The Student Christian Movement, Gough Whitlam and Conscription

The following 1968 telegram from then Federal Opposition leader Gough Whitlam is from the recently created UAA Series 1420, “Australian Student Christian Movement South Australian Branch Records”.

The message was sent in the context of a growing opposition to the War in Vietnam and in particular the compulsory selective conscription – a system whereby all twenty year old men would be chosen for national service according to randomly selected birth dates. The National Service Act (1964) was introduced by the Menzies Government to strengthen the Army’s ability to meet the perceived threat of communism in South East Asia. However, Harold Holt’s commitment of Australian troops (including conscripts) to Vietnam in 1966 saw the scheme come under increasing scrutiny. Questioning of the strategic and moral point of the War and the validity of the assumptions on which it was based was only intensified with extensive television coverage of North Vietnam’s early 1968 Tet offensive.

Against this back drop the conservative coalition government led by Holt’s replacement John Gorton amended the National Service Act in June 1968, adding the possibility of 12 months leave without pay for cases of ‘exceptional hardship’ – no doubt to ease the political pressure the issue was generating with an election due the following year. The Labor Opposition under Gough Whitlam proposed its own amendments to the Act, specifically non-military forms of national service for conscripts who were unable to meet the notoriously difficult criterion for classification as a conscientious objector. These, as the telegram states, ‘were defeated by the combined vote of the Liberal-Country Party and DLP members.’

Gough Whitlam to P. Whittington. UAA Series 1420, Item 5

The telegram reproduced here is likely to have been a ‘form’ message, sent out to the various organisations who were lobbying the Opposition to oppose the War and conscription, one of whom was the Australian Student Christian Movement. It is indicative of a time when anti-War sentiment began to coalesce into a broad movement made up of disparate elements – ranging from trade unions and the radical student left to Christian and mothers groups.

A full description of the University of Adelaide Archives holdings of Student Christian Movement records can be found here.


Hocking, Jenny. Gough Whitlam: A Moment in History. (Melbourne: Melbourne Univ. Press, 2008)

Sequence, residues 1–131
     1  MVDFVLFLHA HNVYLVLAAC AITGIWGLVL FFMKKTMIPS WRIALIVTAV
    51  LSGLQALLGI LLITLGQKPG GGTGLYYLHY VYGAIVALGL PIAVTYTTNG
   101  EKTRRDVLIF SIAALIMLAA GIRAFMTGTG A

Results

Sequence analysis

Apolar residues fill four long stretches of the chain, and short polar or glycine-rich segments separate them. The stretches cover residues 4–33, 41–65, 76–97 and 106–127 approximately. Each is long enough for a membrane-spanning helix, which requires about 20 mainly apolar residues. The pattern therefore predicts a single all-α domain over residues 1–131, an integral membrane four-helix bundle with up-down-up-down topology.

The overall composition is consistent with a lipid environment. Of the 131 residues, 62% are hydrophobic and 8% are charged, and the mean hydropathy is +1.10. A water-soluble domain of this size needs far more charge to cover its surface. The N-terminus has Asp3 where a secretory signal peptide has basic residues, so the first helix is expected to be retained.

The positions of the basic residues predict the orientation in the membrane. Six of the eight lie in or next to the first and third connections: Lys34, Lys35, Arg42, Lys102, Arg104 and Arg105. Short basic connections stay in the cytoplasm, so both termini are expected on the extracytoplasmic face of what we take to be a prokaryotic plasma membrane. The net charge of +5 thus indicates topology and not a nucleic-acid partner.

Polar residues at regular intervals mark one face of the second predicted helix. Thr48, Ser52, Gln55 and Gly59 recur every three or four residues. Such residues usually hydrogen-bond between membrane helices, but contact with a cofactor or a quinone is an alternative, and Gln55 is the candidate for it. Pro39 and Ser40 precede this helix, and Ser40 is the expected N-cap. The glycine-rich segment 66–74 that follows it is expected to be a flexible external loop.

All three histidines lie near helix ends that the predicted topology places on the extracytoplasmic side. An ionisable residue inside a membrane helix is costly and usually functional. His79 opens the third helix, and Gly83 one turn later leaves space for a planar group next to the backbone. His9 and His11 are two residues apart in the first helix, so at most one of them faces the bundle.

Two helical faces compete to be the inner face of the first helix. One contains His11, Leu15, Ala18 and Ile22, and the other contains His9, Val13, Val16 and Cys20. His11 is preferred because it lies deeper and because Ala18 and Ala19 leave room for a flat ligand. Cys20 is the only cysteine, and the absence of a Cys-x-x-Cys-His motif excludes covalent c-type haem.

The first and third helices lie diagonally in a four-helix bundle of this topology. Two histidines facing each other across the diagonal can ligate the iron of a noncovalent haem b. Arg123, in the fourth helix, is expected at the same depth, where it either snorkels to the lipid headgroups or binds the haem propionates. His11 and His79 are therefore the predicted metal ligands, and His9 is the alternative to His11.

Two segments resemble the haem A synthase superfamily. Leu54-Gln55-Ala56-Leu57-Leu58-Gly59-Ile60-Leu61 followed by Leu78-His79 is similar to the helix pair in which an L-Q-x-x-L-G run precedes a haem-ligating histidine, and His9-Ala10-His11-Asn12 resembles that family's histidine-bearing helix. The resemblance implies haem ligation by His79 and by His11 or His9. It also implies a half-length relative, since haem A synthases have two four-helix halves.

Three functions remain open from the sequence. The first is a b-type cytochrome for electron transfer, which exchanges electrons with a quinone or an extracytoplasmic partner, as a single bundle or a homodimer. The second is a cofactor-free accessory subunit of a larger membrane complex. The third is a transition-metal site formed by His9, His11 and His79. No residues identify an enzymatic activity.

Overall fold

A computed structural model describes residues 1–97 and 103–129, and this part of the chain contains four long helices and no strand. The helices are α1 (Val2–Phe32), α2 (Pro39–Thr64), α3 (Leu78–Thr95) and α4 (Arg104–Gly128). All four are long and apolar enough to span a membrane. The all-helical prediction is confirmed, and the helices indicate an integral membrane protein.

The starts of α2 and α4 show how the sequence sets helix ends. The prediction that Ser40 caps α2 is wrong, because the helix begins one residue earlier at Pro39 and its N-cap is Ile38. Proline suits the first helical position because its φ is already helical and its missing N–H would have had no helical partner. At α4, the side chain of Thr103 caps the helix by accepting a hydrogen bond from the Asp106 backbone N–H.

“Australia and the Vietnam War”, Department of Veterans’ Affairs, retrieved Dec. 2010, available from

“The National Service Scheme, 1964-1972”, by Sue Langford, retrieved Dec. 2010, available from

“Conscription in Australia”, Wikipedia article, retrieved Dec. 2010, available from

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4 Responses

  1. J says:

    Good on the SCM stop

    Telegram is so much cooler than twitter stop

    Who is archiving tweets and twits etc.? stop

  2. Dear Andrew

    I was very interested to read this telegram that Peter Whittington received from Gough Whitlam regarding conscription in 1968.

    Also I was interested in your post as I became the president of SCM at Adelaide University in 1969. I remember saying that I could only accept the position if we decided to be involved in the peace movement against the US war in Vietnam.

    Peter was a wonderful bloke and sadly died about 2 years ago. He was not sure about us doing this, but was totally opposed to the war. Well in 1969, SCM got very much behind the actions against the war. We attended many rallies and set up an Asian Awareness Program which involved getting key academics opposed to the war to speak at church meetings, seminars and services. This continued after 1969 when Michael Raupach became president.

    We also got involved in completing fictitious National Service forms to assist overload the conscription system. These were very exciting times. My experiences at the time led me into progressive politics and international solidarity in East Timor, Chile, South Africa, Cuba and East Timor. On ET I got involved with the Campaign for an Independent East Timor SA (now the Australian East Timor Friendship Association SA) in 1975 and amstill involved.

    Below is an excerpt from an email which I sent to a Dennis Voight, a Catholic and a former employee with the SA Council of Churches who gave great support to the work of CIET in the 1990s. He is currenfly working in Vietnam.

    I include this because it gives a little more information of what I later learned about ASCM in Australia long after I was no longer involved.

    I later discovered that many SCMers around Australia ended up supporting left politics.

    I look back on those years very fondly as I met some wonderful people who have since played very positive roles in trying to make the world a more caring, compassionate, safe and peaceful place to be.


    Andy Alcock

    Anyway, I thought this background may be of some interest to you.


    This is an excerpt of an email to a favourite niece, Lou (or Labhaoise – the Cetic equivalent). She is a devout Catholic, studying theology, is a great fan of liberation theology and social justice, was the vice president of Australia Aid for Ireland for sometime and has worked in London and Hong Kong for some years.